Tag Archives: biography

Beyond

If you know me or have followed my blog for a while, you know that I am a big space enthusiast and I love reading the latest biographies and histories surrounding it. So when I saw that I could get an early copy of Stephen Walker’s Beyond: The Astonishing Journey of the First Human to Leave Our Planet and Journey into Space (what a title) I naturally snagged it pretty quickly.

I’ve read a lot about the early years of the U.S. space program, from NACA to NASA, but never much about the USSR program, except for bits and pieces. So to have a whole book mainly dedicated to looking at the Russian side was thoroughly interesting.

Russia only publicized their “space spectaculars” after missions had been successful, which covered their program in a shroud of secrecy during the 1960s, and even beyond. But though no one knew what they were doing, they were as active as the U.S. in training their cosmonauts and preparing the way for manned space flight. Yuri Gagarin, who would eventually be the first man in space, was one of six top cosmonaut hopefuls (eventually whittled down to three in the running for the first flight) who went through a training regimen equally as brutal as the one the U.S. put its astronauts through.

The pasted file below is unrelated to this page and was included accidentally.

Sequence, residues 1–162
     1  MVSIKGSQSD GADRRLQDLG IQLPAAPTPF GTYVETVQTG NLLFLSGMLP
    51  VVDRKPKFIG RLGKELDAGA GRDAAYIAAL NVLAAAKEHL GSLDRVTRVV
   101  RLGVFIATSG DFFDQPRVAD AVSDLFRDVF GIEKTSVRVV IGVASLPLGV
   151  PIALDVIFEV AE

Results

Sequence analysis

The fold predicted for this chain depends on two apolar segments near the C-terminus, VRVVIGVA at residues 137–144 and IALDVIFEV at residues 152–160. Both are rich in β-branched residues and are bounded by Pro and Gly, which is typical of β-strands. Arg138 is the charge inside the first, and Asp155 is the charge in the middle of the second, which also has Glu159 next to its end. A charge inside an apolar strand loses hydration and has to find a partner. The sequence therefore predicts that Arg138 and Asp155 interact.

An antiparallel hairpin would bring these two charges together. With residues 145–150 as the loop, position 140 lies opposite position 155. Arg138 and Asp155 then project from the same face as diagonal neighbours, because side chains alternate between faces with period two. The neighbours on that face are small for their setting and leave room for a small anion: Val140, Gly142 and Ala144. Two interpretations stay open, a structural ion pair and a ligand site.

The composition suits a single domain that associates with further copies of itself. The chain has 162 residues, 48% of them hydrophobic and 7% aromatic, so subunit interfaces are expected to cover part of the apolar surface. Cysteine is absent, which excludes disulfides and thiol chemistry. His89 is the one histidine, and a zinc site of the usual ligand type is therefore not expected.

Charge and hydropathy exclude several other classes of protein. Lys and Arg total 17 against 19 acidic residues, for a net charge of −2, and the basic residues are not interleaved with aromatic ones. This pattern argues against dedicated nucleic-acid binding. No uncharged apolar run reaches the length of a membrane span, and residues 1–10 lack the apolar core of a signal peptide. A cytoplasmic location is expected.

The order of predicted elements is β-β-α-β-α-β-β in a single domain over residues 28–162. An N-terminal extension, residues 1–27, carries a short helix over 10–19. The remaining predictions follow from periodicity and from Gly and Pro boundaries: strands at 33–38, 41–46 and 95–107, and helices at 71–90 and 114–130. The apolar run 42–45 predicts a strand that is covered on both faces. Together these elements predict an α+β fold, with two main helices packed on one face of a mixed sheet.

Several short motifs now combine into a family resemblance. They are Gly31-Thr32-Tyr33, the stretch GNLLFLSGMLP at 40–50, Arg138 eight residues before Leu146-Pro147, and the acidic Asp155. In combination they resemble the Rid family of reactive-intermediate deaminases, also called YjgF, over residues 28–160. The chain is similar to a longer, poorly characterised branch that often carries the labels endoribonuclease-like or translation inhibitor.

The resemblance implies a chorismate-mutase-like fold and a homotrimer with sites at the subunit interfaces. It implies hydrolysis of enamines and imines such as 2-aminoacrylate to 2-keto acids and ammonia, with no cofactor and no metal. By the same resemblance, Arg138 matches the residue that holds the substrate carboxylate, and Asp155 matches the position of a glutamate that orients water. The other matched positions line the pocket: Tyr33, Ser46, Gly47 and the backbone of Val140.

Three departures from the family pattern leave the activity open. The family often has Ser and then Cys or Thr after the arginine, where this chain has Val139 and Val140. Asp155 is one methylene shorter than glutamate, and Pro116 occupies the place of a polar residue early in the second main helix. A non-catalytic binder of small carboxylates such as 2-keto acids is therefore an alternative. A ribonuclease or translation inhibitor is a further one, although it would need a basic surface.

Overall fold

Walker’s book touches on some biography details of Gagarin’s life, but mainly focuses on the progress of the Russian program, similar to other books that chronicle the U.S. program. Where possible, Walker spoke with eye witnesses and descendants of key figures. Other information, finally declassified by the Russian government, was drawn from documents and archives.

Though I would have expected more biography on Gagarin, given the subtitle of the book, I was still very interested to read about the development of the Russian program and learn the names behind some of the men who made it happen.

And even though I knew what would happen (it’s history, after all), Walker did an excellent job putting the reader in the thick of the suspense of Gagarin’s first flight, creating a page-turner as readers breathlessly wait to see if Gagarin’s flight went as smoothly as we were always led to believe.

For history buffs and space enthusiasts, Beyond is a different take on the space race and one that is very worth the time to read.

Tisha